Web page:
Behind one town’s efforts to vaccinate its Hispanic and Indigenous residents
Trust, communication and humility were crucial to a small Indiana town’s vaccine distribution campaign. In a livestreamed conversation Monday, Side Effects Public Media discussed how leaders in Seymour worked to break language barriers and provide COVID vaccines to the town’s Hispanic and immigrant population, including the growing number of Indigenous Mayan people from Guatemala.
In the hour-long discussion, Side Effects reporter Carter Barrett spoke with a few of the people instrumental in launching Seymour’s Hispanic Health Task Force. Panelists on the livestream included:
- Bethany Daugherty — Schneck Medical Center’s health and wellness education specialist
- Ashley Caceres — bilingual outreach and enrollment specialist for covering kids and families of Jackson County United Way
- Whitney Amuchastegui — executive director of Su Casa Columbus
- Ana De Gante — ESL director at Seymour Community Schools
This conversation has been lightly edited for length and clarity.
Barrett: A lot of people are interested in pursuing similar work, where do you start?
Caceres: I think one of the big things was finding the right people. Who is this community going to for services, for help and for information? Other questions to ask are, ‘What is the community seeing, thinking and asking when they're hearing or wanting to learn about COVID information or just health information in general?’ And then I think the other thing is, ‘What is making medical care or medical information inaccessible?’
Barrett: What strategies have been successful when it comes to building trust and making sure the hospital is perceived as a trustworthy source?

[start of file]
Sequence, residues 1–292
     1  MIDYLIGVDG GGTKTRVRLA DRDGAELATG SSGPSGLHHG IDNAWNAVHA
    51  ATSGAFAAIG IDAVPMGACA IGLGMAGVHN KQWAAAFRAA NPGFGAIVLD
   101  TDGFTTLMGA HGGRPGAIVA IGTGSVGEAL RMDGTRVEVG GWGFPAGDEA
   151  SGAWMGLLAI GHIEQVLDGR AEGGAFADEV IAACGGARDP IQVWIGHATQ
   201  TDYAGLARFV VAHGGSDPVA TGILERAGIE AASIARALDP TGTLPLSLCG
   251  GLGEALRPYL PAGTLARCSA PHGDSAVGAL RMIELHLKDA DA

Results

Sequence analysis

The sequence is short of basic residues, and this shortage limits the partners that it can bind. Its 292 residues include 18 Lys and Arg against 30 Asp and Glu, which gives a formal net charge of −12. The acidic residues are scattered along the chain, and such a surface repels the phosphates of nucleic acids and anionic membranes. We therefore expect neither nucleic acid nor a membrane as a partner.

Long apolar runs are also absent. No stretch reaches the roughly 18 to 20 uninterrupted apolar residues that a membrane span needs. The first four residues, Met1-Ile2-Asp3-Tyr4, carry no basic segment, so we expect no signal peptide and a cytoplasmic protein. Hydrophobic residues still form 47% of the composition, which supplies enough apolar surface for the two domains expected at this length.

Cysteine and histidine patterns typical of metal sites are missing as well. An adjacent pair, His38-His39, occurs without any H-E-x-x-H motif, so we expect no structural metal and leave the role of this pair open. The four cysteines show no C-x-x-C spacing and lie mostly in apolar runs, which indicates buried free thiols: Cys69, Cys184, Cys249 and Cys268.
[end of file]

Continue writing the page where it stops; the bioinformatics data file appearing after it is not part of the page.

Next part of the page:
Daugherty: I think as hospital employees, we learned a lot about the community that we didn't know that, like, these churches were literally neighbors of the hospital. And it was just a great way to start building those relationships and building that trust, because we were willing to go to them.
Amuchastegui: Looking at your boots on the ground, so to speak. Who do you have that's already in the community and can serve as representatives, working from the ground up as opposed to adopting a top-down approach?
Daugherty: I just wanted to reiterate that goes both ways too, like vulnerability from each side, because I didn't have the answers going into this. There's strength in that because you learn from each other, and you can grow and you kind of figure out together what's going to work best for your community. We don't have the perfect answers. But we've at least started to have those hard conversations.
Barrett: Can you describe how you got the high school students on board, training them, and what do you think that added to the clinics?
DeGante: I think that those students help with their native language and communicate with parents and also our community. [It gave the community] more confidence that people that speak their native dialect were there to help them.
Caceres: I wouldn't go and say ‘run off to your local high school and grab all the high school students you can,’ right? I think it is really important to invest in interpreters and translators, if you have that capacity.
Barrett: As somebody who's not a member of the Hispanic community, how did you approach learning about these issues?
Daugherty: I think I've always tried to be very transparent, saying, I don't know what I don't know. So please teach me. I've always tried to be that trustworthy source and be consistent in my follow up to them.
The event was held in partnership with the Indiana Rural Health Association.